After meeting the Radsberg tourists who were completing their sightseeing John Shively set up his tent a half a mile away. He had made arrangements to leave with them as he had lost his horses.

On the evening of the second day, after leaving the Radersburg party, I was camped in the Lower Geyser Basin. I was eating my supper, and, on hearing a slight noise, looked up, and, to my astonishment, four Indians, in war paint, were standing within ten feet of me, and twenty or thirty more had surrounded me not more than forty feet off. I sprang for my gun, but was rudely pushed back.

John Shively

The Nez Perce later described the encounter as quite friendly.

We heard chopping.... We went there where we heard the chopping. It was a white man doing cooking. We went up to him, one on each side, in back of him. We grabbed him! He was armed but did not offer fight. Otskai [Going Out] understood a little English and talked with him. We stayed there quite a while, and then a lot of Indians came-just to be friendly with him.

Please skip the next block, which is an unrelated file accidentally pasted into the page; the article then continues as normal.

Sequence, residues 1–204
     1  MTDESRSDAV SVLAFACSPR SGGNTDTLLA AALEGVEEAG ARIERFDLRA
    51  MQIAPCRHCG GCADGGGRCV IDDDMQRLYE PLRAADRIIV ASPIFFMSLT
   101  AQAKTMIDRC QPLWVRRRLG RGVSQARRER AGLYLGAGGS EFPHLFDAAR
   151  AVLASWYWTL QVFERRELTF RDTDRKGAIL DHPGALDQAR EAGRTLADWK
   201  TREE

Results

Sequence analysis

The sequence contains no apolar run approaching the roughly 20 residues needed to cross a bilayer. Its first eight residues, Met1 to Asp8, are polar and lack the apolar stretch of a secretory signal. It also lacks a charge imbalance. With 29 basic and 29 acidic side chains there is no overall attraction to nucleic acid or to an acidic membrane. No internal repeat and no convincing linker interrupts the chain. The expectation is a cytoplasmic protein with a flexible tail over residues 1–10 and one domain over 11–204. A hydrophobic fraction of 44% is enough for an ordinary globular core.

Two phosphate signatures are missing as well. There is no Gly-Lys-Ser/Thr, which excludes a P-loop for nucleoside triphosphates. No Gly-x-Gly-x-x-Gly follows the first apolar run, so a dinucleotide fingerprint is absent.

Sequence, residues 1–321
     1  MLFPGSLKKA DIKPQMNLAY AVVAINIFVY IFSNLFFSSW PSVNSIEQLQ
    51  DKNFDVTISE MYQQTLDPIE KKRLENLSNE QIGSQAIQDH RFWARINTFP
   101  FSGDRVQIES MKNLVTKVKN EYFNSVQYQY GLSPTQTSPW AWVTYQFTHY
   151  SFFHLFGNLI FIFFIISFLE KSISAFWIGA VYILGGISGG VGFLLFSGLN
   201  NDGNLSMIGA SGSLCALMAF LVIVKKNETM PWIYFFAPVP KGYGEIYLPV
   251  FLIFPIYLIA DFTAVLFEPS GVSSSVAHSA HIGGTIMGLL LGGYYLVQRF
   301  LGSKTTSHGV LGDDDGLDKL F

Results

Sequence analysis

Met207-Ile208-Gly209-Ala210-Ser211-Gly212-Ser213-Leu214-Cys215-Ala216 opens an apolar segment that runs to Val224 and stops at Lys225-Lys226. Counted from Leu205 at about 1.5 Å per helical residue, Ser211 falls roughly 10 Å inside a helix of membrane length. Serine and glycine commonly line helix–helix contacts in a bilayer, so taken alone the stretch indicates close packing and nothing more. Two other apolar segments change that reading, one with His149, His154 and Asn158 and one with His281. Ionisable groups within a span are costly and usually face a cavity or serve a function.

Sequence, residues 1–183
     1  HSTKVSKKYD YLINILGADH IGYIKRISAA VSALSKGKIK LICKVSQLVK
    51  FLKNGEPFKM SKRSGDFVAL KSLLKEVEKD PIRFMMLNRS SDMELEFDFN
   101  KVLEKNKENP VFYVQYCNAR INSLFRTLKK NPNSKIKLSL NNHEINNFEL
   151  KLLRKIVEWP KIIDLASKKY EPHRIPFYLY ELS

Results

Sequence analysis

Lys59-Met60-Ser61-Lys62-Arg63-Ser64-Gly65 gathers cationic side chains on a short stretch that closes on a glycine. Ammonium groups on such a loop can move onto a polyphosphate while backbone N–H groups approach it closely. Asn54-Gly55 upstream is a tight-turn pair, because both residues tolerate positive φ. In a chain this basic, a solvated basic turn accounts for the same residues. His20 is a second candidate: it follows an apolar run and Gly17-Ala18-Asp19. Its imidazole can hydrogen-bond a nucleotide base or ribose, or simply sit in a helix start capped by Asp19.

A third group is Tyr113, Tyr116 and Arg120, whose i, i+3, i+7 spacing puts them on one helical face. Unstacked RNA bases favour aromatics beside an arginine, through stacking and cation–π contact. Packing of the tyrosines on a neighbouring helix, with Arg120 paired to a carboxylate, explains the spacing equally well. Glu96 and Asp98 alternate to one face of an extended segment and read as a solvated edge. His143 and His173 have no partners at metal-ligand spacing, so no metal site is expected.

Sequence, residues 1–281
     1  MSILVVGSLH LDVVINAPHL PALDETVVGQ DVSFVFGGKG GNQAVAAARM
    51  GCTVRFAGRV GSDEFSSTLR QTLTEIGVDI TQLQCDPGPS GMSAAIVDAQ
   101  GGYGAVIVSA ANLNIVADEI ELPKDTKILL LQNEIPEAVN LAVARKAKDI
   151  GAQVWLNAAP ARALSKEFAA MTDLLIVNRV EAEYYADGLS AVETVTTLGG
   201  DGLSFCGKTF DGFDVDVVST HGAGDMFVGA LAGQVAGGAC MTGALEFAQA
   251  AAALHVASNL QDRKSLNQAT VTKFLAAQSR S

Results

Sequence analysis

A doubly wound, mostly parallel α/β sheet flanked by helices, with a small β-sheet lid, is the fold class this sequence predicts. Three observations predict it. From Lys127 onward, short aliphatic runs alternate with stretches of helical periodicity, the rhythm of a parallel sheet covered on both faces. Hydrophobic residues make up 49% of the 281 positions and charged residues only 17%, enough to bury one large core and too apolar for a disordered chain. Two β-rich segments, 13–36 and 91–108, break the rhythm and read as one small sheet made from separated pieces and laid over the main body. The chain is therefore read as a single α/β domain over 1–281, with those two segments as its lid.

We did not want to do him harm. Only if he had horses or things needed, we might take them for ourselves....

This white man was asked if he knew the way to the head of Yellowstone Park, toward the Crow Indian lands.... He said he did and would go with us. Said his horses were lost, and he was on hunt for them. The warrior told him he would give him a horse to ride, and that it would be a gift for him to return on....

The Indians were partly lost for a short time. Not sure of their way This man who was oldlike, this white prisoner, was all the guiding they had. Showed them for half of one sun. He was kept a few suns, but we did not try holding him longer.

Yellow Wolf



The Nez Perce Flight to Canada - An Introduction

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